8. Phoenix Point
Developer: Snapshot Games Publisher: Snapshot Games Platform(s): PC, macOS, PS4, Xbox One, Stadia
Not only did Firaxis’ reboot of XCOM carve out its place as a timeless classic series, it also reignited interest in the original 1993 installment. The original designer of the very first XCOM, Julian Gollop, recently took a stab at modernizing and innovating on XCOM’s formula with Phoenix Point.
You wouldn’t be remiss in saying that Phoenix Point looks and works exactly like Firaxis’ games. However, there are a few key differences that make it worthy of its own attention, most notably the horror-themed visuals and narrative giving light to issues of climate change and pandemics, as well an expanded and flexible character customization system, detailed inventory management, and a fresh, albeit a bit janky, weapon free aim feature. All this leads to a challenging and rewarding game with plenty of engaging strategic and tactical decision-making.
Diplomacy is another area Phoenix Point excels in, giving the game a healthy dose of replayability and an added layer of depth to the campaign. Just like the insectoid Pandoran enemies, Phoenix Point isn’t without its ugly bugs and janky systems, but they’ve mostly been squashed and the game is now a worthy cousin to the main XCOM series.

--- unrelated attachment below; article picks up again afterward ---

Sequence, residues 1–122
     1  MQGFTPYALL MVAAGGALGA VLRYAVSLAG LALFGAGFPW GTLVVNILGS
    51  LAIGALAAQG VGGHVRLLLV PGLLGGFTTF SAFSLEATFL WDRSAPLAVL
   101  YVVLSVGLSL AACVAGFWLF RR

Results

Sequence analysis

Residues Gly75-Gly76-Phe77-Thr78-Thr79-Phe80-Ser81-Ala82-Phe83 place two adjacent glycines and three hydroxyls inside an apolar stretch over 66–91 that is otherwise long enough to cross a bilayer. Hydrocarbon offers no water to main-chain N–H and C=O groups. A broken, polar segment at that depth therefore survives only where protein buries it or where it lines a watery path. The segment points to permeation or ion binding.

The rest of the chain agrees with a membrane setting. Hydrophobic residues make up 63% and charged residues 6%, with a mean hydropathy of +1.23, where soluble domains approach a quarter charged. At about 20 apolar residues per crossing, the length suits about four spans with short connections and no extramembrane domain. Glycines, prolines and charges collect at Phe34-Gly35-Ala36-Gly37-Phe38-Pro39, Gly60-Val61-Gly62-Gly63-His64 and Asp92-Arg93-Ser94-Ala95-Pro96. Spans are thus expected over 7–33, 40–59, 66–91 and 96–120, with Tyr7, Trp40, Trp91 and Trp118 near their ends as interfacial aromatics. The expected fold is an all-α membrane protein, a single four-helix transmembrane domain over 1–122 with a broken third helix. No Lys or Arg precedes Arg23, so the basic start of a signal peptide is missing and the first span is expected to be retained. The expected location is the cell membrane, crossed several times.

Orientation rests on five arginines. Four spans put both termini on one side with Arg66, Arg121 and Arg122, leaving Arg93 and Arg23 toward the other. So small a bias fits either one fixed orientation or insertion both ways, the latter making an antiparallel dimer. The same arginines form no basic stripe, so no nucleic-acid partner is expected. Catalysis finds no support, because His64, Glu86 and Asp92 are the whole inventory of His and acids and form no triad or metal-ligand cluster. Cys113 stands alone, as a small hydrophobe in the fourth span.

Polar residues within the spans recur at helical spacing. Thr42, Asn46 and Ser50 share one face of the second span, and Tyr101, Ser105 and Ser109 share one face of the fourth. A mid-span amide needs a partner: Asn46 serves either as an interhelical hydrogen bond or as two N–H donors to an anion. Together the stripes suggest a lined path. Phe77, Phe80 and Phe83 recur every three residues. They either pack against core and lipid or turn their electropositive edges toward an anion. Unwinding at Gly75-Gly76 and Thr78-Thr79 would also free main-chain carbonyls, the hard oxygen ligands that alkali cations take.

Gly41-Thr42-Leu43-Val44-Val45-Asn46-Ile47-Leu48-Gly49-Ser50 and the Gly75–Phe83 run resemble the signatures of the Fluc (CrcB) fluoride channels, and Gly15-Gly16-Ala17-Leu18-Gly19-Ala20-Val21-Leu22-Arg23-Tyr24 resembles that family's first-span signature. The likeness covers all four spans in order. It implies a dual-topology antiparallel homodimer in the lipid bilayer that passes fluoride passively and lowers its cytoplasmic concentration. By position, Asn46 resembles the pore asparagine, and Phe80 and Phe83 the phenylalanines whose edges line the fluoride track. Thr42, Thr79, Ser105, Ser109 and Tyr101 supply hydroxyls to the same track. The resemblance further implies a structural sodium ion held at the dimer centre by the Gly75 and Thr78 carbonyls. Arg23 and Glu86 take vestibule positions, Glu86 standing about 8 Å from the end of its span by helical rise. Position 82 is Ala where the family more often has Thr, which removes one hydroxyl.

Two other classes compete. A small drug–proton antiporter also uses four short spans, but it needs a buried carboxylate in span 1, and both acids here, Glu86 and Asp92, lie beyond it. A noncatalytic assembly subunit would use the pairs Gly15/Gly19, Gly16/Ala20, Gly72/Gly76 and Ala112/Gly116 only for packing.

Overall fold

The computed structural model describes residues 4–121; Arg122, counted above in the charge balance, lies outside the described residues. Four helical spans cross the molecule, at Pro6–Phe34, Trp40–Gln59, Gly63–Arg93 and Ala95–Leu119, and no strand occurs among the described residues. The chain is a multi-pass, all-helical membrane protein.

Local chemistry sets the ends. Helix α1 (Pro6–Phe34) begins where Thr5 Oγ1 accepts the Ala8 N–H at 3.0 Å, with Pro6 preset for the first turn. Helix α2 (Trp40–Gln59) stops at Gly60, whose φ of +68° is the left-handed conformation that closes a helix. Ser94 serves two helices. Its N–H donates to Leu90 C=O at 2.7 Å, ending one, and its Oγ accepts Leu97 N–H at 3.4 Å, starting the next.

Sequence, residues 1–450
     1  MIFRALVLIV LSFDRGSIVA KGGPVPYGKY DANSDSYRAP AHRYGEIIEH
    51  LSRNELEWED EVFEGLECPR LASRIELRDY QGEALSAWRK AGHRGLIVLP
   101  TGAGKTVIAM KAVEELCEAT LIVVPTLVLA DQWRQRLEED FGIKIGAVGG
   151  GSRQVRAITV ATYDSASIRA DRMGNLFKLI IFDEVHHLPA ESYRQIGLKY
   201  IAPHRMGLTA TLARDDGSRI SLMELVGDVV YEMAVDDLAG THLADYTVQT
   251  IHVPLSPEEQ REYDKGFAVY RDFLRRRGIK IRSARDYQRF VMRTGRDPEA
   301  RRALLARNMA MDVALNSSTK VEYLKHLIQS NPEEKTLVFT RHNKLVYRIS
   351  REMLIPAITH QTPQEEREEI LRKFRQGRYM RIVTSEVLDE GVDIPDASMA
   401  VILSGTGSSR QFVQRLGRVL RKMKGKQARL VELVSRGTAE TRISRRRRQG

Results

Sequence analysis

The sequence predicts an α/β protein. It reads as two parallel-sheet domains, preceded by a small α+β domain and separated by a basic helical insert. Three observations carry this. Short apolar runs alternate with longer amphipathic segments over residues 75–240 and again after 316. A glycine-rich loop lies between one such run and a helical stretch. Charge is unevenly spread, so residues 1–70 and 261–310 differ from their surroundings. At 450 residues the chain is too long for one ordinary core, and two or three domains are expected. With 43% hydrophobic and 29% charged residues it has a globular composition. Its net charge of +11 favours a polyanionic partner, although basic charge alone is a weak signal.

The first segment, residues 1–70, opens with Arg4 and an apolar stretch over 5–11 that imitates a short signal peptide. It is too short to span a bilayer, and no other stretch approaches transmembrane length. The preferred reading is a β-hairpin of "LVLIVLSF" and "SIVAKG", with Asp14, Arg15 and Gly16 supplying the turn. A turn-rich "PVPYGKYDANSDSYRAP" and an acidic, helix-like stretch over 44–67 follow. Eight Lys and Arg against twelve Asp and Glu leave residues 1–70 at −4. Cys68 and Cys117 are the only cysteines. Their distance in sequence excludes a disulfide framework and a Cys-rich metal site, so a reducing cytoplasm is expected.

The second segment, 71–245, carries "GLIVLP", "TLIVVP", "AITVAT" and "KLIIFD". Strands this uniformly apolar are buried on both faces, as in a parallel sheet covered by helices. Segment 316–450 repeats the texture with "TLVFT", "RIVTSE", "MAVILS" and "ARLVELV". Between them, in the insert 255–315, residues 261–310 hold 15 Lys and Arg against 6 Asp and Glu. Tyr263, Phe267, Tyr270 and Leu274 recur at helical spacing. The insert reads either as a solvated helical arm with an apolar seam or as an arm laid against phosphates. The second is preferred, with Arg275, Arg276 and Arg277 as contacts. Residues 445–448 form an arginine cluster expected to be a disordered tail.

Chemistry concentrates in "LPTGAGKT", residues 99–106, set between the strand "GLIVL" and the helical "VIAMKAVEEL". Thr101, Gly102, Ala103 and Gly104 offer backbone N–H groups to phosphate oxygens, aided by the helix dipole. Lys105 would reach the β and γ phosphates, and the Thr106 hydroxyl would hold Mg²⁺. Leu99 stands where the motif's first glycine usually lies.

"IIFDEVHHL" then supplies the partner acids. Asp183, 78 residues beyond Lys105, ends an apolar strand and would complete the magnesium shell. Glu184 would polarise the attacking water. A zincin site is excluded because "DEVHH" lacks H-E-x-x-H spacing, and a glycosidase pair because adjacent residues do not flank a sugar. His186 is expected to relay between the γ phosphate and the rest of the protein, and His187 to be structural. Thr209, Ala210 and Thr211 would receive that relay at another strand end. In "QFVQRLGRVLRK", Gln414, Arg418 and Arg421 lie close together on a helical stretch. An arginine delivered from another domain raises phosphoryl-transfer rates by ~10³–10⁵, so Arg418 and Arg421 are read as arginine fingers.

Developer: Goldhawk Interactive Publisher: Goldhawk Interactive Platform(s): PC, macOS, Linux
Before Phoenix Point, Goldhawk Interactive were the first to attempt to modernize and refine the original XCOM in their aptly titled Xenonauts. The premise of Xenonauts is virtually identical to its spiritual ancestor with the player having to defend the Earth from an alien invasion, all the while learning about the threat and discovering new ways to fight back.
The developers chose to forego quality immersive graphics for barebones functionality and added depth to the game’s systems, including a highly detailed inventory and base building systems. The turn-based tactical combat is as challenging as ever and maybe even went a little too far with an overreliance on RNG making each engagement both tense and at times exceedingly frustrating.
Xenonauts is definitely not a game for everyone as it has a steep learning curve and stacks many levels of complexities on many of XCOM’s established features, with a clunky UI not exactly helping in learning the game. Nevertheless, Xenonauts serves as a curious attempt at revitalizing the more hardcore roots of XCOM’s legacy.
6. Fire Emblem: Three Houses
Developer: Intelligent Systems, Koei Tecmo Games Publisher: Nintendo Platform(s): Nintendo Switch
Though many XCOM-like games tend to emphasize the strategic and tactical components, there are some that maintain such a focus while also adding extra depth by leaning into more involved role-playing features. Fire Emblem has a long and storied history of its own and while it may not have been borne out of XCOM’s influence, it still shares many sensibilities that definitely warrant a look.
The immediate highlight of Fire Emblem is of course the colorful cast of characters that are integral to both the narrative’s progression and the game’s solid combat system. There’s so much players can do to cultivate meaningful relationships, while at the same time improving abilities and stats to be better prepared to face whatever challenge may come their way.